As you can see, this method of credit monitoring is pretty tedious.

    An automated credit monitoring service is a more timely and less labor-intensive way to stay on top of changes. Many different credit monitoring services are available these days, some paid and some free. You can access these services through your bank or credit card accounts or independent providers.

    Some of these services offer a comprehensive look at your credit report, while others provide a basic overview. The best credit monitoring tools send you alerts when your score changes or a new credit inquiry is made. This way, you can stay on top of any fraud issues or reporting errors. 

    With Borrowell, you can view your credit score and your credit report for free at any time. We offer weekly credit score reporting and monitoring, so you are always aware of your current score. Borrowell also provides credit education and personalized financial product recommendations to help you improve your score.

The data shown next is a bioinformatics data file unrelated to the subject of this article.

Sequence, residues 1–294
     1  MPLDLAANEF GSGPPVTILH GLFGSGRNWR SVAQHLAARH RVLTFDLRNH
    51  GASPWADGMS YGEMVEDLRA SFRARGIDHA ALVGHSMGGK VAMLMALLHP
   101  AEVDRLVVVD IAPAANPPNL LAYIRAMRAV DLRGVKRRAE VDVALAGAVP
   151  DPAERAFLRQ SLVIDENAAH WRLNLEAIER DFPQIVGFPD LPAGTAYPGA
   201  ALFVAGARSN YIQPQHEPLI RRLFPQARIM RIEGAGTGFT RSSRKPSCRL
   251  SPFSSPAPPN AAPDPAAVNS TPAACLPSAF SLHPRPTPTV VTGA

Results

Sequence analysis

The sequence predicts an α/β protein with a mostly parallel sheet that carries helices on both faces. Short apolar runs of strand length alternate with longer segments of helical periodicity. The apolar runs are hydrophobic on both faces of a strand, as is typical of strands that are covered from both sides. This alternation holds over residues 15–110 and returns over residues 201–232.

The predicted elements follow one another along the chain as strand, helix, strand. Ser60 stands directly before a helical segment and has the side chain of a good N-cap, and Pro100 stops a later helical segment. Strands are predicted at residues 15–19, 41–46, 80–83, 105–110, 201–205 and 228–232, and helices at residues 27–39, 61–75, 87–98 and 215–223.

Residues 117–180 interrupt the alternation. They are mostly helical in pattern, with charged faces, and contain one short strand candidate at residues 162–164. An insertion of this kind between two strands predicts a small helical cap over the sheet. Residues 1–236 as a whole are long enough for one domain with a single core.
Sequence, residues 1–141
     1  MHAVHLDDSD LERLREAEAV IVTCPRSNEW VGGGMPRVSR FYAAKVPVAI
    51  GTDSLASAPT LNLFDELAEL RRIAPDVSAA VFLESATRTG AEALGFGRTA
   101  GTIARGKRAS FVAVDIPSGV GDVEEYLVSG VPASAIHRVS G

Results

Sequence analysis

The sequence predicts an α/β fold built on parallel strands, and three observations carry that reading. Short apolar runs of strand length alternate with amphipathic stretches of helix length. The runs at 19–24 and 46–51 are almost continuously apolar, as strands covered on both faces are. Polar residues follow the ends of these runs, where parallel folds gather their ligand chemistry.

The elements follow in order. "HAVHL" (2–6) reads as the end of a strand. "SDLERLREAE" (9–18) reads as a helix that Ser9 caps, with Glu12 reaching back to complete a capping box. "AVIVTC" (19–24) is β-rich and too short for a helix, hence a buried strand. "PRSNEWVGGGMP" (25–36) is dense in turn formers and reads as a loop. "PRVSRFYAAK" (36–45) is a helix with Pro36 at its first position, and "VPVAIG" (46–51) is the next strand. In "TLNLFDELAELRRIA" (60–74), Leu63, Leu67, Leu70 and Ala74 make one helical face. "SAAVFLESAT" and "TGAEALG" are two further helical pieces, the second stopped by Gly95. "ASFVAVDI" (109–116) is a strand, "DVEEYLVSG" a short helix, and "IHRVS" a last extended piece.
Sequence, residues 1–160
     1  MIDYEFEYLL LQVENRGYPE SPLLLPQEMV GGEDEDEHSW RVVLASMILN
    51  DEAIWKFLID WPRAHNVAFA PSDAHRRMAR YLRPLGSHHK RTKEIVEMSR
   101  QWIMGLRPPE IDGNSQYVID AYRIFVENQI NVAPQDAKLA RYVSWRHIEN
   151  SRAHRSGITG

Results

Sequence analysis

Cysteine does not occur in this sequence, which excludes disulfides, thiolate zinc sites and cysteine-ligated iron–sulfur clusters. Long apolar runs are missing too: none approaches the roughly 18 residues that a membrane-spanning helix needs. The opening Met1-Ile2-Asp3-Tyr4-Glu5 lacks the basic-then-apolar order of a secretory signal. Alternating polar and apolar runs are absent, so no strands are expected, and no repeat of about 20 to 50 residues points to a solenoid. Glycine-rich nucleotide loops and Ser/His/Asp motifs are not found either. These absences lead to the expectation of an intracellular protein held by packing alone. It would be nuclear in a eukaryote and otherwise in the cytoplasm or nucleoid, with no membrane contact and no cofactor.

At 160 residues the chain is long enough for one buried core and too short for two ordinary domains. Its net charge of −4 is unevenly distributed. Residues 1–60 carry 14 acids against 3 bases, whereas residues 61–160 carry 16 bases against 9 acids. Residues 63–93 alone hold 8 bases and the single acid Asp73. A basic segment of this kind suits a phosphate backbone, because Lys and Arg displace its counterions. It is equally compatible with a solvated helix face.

Monitor your credit today with Borrowell

    Let us help you monitor your credit. We can notify you each week about changes to your credit score and credit report.

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    How Can I Monitor My Credit for Signs of Identity Theft?

    Staying regularly informed about the data on your credit report is the best way to spot any potential signs of identity theft. Often, several months may pass after a data breach before the thieves begin using your stolen details, so constant monitoring is essential. Here’s what to watch for:

    • Any unfamiliar charges on your credit card statements

    • Letters from financial institutions or credit card companies regarding accounts or credit applications that you aren’t familiar with

    • Hard credit checks that you didn’t authorize

    • New accounts of any kind on your credit reports, such as mobile providers, utility companies, credit cards, or anything else you don’t recognize

    • Calls from collections agencies regarding accounts you didn’t open and have no knowledge of